Archive for Thursday, March 14, 2002

U.S. charges Muslim extremist in death of Wall Street Journal reporter

March 14, 2002


— A federal grand jury in New Jersey on Thursday indicted a key suspect in the kidnapping and murder of Wall Street Journal reporter Daniel Pearl.

Islamic militant Ahmed Omar Saeed Sheikh was charged with hostage-taking and conspiracy to commit hostage-taking, resulting in the death of Pearl.

Saeed is being detained in Pakistan, where authorities are also interested in prosecuting him for Pearl's death. U.S. and Pakistani authorities have been discussing extradition, but no agreement has been reached.

The indictment, brought by a federal grand jury in Trenton, N.J., alleges that Saeed trained in military camps in Afghanistan in or about September or October 2001 and fought with Taliban and al-Qaida forces.

It said Saaed caused e-mail messages to be sent from Chaudrey Bashir, Pakistan, to Pearl at his Wall Street Journal e-mail address from Jan. 19 to Jan. 23, which set up the reporter's kidnapping.

Saeed and others "did knowingly and willfully seize, detain and threaten to kill, injure and continue to detain Daniel Pearl, a United States national, in order to compel the United States government to do and abstain from doing certain acts," the indictment charged.

The government also unsealed an earlier indictment against Saeed charging him with conspiracy to commit hostage-taking, hostage-taking and aiding and abetting in connection with a 1994 kidnapping of Bela Nuss.

Officials said the Muslim militant was charged with offenses less than murder because the FBI is still developing more evidence.

The officials said the case was being handled in New Jersey because prosecutors determined there was "substantial nexus" between Pearl and the federal court jurisdiction where the headquarters for Pearl's employer, Dow Jones & Co., is located.

A decision to press forward with a U.S. criminal indictment caps weeks of deliberations within the Justice Department and State Department about how to proceed, even as Saeed faces criminal proceedings in Pakistan.

U.S. officials, eager to move the case ahead, have been in discussions with Pakistani officials about prospects for sending Saeed and possibly others to the United States. The two nations have no formal extradition agreement, but Pakistan previously has sent suspects to the United States under a procedure known as "rendering."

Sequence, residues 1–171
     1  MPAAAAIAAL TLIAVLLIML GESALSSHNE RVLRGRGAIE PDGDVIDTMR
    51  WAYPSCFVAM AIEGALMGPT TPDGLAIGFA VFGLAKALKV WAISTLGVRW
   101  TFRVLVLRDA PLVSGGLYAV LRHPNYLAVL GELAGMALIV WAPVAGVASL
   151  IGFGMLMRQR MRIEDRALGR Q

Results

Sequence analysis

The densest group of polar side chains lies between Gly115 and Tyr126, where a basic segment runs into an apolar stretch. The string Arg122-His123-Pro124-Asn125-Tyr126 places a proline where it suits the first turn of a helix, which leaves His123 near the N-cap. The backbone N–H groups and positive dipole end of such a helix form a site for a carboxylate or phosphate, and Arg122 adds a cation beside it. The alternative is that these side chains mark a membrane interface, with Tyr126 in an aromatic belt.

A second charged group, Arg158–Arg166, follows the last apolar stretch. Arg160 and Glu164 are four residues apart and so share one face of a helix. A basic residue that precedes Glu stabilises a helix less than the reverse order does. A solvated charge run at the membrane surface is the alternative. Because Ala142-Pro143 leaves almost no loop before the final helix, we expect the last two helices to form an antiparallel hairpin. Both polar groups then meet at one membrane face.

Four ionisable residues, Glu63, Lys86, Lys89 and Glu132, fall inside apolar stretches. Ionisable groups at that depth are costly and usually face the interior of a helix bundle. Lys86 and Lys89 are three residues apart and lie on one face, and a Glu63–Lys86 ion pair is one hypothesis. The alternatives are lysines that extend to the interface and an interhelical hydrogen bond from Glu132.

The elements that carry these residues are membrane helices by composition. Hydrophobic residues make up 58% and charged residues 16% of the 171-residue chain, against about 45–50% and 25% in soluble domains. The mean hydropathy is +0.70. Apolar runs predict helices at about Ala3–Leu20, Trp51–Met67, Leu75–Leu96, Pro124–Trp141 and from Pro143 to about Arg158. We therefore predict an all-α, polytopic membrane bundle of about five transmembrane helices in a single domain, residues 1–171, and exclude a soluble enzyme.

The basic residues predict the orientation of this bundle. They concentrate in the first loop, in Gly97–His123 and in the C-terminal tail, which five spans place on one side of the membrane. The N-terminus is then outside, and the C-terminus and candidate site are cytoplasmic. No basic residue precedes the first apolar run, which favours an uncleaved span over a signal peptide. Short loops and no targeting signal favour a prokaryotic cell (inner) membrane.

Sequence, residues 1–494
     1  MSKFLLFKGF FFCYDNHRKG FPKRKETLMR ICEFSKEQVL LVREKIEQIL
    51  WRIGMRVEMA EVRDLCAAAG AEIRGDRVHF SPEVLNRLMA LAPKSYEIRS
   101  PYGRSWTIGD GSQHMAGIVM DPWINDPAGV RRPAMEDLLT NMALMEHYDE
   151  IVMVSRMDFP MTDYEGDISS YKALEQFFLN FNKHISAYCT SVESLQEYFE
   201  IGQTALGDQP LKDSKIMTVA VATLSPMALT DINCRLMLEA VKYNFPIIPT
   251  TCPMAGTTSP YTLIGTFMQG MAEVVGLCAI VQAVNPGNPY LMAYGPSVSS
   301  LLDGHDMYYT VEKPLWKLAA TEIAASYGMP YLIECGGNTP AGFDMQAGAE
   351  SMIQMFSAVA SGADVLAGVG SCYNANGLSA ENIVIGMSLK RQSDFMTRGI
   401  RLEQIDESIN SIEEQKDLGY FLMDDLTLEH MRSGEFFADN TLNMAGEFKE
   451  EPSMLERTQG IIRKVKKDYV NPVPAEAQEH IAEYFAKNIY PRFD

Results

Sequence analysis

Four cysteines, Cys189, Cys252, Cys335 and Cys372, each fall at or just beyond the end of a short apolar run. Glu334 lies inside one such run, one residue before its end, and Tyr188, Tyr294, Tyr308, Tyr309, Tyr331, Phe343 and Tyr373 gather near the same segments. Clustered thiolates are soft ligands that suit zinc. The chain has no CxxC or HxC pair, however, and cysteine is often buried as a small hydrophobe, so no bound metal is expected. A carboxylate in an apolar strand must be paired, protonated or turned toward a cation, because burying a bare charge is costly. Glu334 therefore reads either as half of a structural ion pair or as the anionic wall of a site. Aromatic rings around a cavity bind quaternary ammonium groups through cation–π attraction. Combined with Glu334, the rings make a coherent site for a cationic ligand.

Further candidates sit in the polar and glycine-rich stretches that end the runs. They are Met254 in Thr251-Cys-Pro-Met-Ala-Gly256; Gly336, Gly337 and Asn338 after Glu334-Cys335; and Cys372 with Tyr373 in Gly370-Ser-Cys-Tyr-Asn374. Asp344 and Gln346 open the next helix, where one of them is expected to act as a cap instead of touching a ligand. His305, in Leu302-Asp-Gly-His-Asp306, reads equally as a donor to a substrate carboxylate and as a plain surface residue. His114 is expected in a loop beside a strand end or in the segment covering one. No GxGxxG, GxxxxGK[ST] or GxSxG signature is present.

Pearl's newspaper, The Wall Street Journal, has been operating out of a makeshift headquarters in New Jersey since its New York offices were heavily damaged by the destruction of the World Trade Center.

Among jurisdictions that had been under consideration were New York, northern Virginia and Washington, where Saeed was secretly indicted in November in the 1994 kidnapping of another American, Bela Nuss.

In Pakistan, the investigation into Pearl's slaying continues. Police are questioning a man who claims he murdered Pearl, officials said Thursday.

The man, identified only as Adnan, turned himself in to the newspaper Khabrain in the eastern city of Lahore on Thursday. The newspaper handed him over to police, chief editor Zia Shahid told the AP by telephone.

"We are trying to verify his credibility," Lahore police chief Aftab Ahmad Cheema said. "He is being held for the time being. But nothing is certain so far."

According to Shahid, the man claimed he killed Pearl with an ax on a boat off Karachi, where the journalist was abducted Jan. 23. A videotape received last month by the U.S. Consulate in Karachi confirmed Pearl was dead but his body has not been found.

Four suspects have been arrested, including Saeed, the alleged mastermind, and others remain at large.

Shahid, the Pakistani editor, quoted Adnan as saying he killed Pearl "to teach Jews and America a lesson" and threw parts of the body into the sea.

Shahid said Adnan claimed to be a member of the radical Islamic group Jaish-e-Mohammed, or Army of Mohammed, which police suspect may have been involved in the killing.

Pearl was kidnapped while investigating alleged links between Pakistani extremists and Richard C. Reid, who was arrested in December on a flight from Paris to Miami with explosives in his shoe.

The British-born Saeed was arrested in Pearl's killing before the videotape confirming the journalist's death was received. At his first hearing, he admitted to his role in the kidnapping but later recanted. The statement is inadmissible because it was not made under oath.

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